Steamboat Springs For a woman who endured the obstacles of returning to college as a single mother after 20 years and who implemented new programs at Colorado Mountain College's Alpine Campus, Pam Burwell is well deserving of her recent 2001 Adjunct Faculty of the Year award.
"During each class I try to make a personal connection with each individual student. Making that extra effort really pays off," Burwell said.
Burwell is the accounts manager of the Alpine Campus, as well as an adviser, mentor and teacher, among her other outside interests.
After graduating from CMC with an associate's degree in art, she pursued her worldly interest in other cultures through a distance-degree program from Regis University, attaining a degree in comparative religions/Asian studies in 1995.
"The incredible mentoring, caring faculty, staff and administration convinced me that it was possible to follow my dreams 'and help my work become my bliss,'" Burwell said, quoting Joseph Campbell.
Burwell's most recent interest lies in the Native American tribes that lived in the Yampa Valley centuries ago. As the adviser for the International Student Club and Students for a Free Tibet at CMC, Burwell has an undying passion for the resurrection and preservation of cultures around the globe.
A Northern Ute descendant traveled from Utah to Steamboat to witness a revolutionary connection between a tribe whose roots are in this community and the foreigners who live on the land now. The Northern Utes are a Native American tribe that lived in the Yampa Valley centuries ago.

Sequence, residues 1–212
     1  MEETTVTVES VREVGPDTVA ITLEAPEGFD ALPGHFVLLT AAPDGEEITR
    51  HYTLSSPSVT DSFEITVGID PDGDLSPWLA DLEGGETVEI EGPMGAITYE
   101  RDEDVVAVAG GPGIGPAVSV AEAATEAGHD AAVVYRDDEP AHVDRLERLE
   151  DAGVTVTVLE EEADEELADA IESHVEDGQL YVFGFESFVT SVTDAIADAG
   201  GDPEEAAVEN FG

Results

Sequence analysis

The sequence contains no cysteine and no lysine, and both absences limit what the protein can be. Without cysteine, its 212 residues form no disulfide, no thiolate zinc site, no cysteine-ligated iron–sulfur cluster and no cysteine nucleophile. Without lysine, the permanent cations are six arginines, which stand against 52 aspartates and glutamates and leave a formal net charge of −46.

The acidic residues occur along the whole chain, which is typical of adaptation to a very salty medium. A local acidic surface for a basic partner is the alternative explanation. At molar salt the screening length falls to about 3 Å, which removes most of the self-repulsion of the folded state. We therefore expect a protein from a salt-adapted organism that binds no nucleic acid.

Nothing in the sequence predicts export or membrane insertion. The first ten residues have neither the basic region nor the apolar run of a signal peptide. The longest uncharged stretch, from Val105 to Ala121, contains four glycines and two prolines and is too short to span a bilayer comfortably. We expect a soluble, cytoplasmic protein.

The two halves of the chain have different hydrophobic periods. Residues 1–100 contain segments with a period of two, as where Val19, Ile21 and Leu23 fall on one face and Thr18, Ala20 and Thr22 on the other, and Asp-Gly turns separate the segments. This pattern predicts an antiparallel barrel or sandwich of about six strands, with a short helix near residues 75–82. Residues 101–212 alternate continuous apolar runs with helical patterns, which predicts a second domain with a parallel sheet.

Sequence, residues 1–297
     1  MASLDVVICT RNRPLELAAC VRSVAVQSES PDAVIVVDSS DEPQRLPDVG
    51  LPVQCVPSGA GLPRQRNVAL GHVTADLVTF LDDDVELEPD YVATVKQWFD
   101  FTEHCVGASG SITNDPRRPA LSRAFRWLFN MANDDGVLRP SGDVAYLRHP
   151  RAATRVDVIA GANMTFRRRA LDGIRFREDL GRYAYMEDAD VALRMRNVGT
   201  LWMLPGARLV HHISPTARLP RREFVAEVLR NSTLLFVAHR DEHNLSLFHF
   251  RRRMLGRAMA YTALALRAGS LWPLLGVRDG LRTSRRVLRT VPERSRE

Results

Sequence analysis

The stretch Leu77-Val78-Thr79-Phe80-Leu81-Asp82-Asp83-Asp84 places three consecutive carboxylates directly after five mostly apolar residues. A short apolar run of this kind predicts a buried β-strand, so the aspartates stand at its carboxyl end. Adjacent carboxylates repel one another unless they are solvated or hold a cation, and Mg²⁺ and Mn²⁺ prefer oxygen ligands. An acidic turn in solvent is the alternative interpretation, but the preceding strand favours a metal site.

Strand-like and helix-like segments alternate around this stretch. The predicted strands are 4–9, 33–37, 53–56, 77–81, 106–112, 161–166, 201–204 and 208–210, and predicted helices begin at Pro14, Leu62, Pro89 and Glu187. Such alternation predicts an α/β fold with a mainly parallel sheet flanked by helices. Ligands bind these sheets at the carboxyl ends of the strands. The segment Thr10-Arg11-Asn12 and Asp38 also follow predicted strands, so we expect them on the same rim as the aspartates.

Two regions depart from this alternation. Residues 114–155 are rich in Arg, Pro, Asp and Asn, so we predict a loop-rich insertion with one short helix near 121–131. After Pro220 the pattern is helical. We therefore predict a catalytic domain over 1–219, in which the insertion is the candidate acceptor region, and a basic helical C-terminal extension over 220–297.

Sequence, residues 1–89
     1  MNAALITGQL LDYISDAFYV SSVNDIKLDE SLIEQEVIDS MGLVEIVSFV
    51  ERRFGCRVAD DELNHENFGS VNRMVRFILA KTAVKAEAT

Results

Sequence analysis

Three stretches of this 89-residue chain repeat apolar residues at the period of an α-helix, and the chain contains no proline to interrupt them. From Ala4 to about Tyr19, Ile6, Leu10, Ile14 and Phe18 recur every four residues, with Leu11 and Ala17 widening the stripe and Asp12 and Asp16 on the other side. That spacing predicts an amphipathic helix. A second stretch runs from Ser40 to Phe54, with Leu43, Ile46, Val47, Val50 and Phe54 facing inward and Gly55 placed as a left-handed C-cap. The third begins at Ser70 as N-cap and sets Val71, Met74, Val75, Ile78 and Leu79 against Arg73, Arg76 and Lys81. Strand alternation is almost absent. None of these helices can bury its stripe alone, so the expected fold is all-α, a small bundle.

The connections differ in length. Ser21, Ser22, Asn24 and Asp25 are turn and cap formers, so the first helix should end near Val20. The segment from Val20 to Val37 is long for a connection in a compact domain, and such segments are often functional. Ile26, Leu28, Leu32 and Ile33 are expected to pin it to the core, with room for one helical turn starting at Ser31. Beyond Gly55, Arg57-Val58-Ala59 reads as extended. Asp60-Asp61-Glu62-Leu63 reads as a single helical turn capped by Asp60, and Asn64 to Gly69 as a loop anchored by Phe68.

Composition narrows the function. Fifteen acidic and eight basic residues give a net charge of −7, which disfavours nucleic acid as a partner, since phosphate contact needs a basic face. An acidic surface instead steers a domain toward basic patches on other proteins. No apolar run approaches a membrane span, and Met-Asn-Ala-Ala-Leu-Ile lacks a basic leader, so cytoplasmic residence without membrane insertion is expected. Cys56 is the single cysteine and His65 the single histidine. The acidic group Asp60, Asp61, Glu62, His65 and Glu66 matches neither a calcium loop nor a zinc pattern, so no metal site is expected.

"Working with the Utes was very interesting, but very difficult work," Burwell said of the tribe that questions the intentions of white people. "But the work is very rewarding."
Burwell, project manager for the Ute Indian Yampa Valley Project, helped organize the initiative of a memorial of the Northern Ute Tribe at Dr. Rich Weiss Park in Steamboat in 1999.
Currently, Burwell is working with the CMC Foundation to develop a Native American scholarship at the Alpine Campus.
Olive Morton, director of community education at CMC, said Burwell's connection with the tribe "clicked" and another community project became another part of her soul. Her attributes to the college have been remarkable, Morton said.
Burwell teaches comparative religions, religion, philosophy, Tai Chi and meditation at CMC. She is working closely with Prof. George Bagwell on designing a Web course in American Studies, which will be available online in spring 2002.
"I think she's a real special person," Morton said. "I like to think I mentored her to keep going in her education."
It's been six years since her graduation from Regis, and she has since obtained a master of arts in Asian studies from the University of California, Dominguez Hills, through a second distance-learning program.
"Learning at 38 years old that you can make your dreams come true is a truly remarkable experience," Burwell said.